of the great paradoxes of 2009 was that economic meltdown went hand in hand with strong gains for many investors. After a disastrous few months when everybody was pricing in the end of civilisation, stock markets bounced back, house prices started to rise again and many traders made vast returns.
As I wrote yesterday, some of these increases in asset prices were misguided – especially house prices, which are once again over-valued. Others, however, were more justified: stock markets are not especially pricey either here or in the US; and many investors made a killing in gold, the fixed income markets and emerging markets. Some individual equities did extremely well: Barclays is a case in point. Its price fell far too low on misplaced fears – in some cases fuelled by the media – that it was finished. It turned out instead to be one of the great winners from the crunch, delivering huge returns.
But while 2009 was a bizarre year for investors, 2010 will be more straightforward. The name of the game will be to combine wealth preservation with an ability to jump on some of the many opportunities that will be available to make good returns. Property will be very tricky this year; the bond markets could easily be trashed if gilt yields surge as a result of the end of quantitative easing combined with a continued crippling budget deficit. Higher interest rates will depress equity valuations in standard models (by cutting the value today of future cash flows). Cash rates will remain low and be depressed by increasing consumer price inflation.
Even if the UK economy grows by 1-1.5 per cent in 2010, it is hard to see how these negative factors will be avoided. The only ray of light will be globalised firms: because the FTSE 100 is now so dependent on global sales – and no longer represents the UK economy – it could outperform again. The consensus 10 per cent rise estimated in a poll of analysts this week may not turn out to be true; but it is certainly in the realm of the feasible. Life will be tougher for the more UK-centric companies. Yesterday’s surprise decline in November retail sales won’t be the last such shock.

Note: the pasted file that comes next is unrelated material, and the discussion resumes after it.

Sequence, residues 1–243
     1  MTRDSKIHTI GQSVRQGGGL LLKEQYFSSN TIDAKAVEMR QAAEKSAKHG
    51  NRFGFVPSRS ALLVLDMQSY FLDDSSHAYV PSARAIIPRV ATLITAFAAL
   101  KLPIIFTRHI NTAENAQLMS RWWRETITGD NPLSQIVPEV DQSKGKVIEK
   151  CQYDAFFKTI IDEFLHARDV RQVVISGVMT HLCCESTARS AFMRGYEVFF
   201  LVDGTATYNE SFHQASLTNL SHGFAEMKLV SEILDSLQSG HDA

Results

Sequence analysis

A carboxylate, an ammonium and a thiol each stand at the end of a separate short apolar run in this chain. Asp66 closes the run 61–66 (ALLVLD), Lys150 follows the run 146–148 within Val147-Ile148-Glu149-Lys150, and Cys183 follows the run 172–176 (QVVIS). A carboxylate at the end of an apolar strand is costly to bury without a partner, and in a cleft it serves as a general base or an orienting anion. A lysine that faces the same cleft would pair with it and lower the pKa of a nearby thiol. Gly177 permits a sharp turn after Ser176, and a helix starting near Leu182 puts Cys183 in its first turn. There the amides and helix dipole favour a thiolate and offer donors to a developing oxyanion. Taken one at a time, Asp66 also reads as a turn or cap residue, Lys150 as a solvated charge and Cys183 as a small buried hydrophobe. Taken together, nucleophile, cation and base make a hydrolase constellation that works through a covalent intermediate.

We were also very lucky in another way in 2009, despite the collapse in output. protectionism remains under control; the gains of globalisation have not been reversed. Some countries have imposed some capital controls but a real backlash – a relapse into autarky, huge tariffs, the dismembering of global financial institutions, the deglobalisation of capital and labour – did not happen.
What wasn’t avoided was a generalised loss of confidence in capitalism, however: after every recession, ordinary voters turn against business, financiers and the wealthy; they did so in the 1930s, in the early 1990s and in the early noughties after Enron and the dot.com bubble. But this time it is far worse: we are going back to punitive tax rates on all high earners, with more likely to come next year. The biggest single tax threat to investors – apart from more windfall levies on banks and high earners – is that capital gains tax might be hiked in 2010.
Looking further afield, I’m even more worried about geopolitical risk. The Iran question has been in the background for several years now; at some point it is likely to flare up. The consequences could be devastating – and not just for the price of oil.
Investors must beware: compared with 2009, it will be harder to make money this year – and even easier to lose some.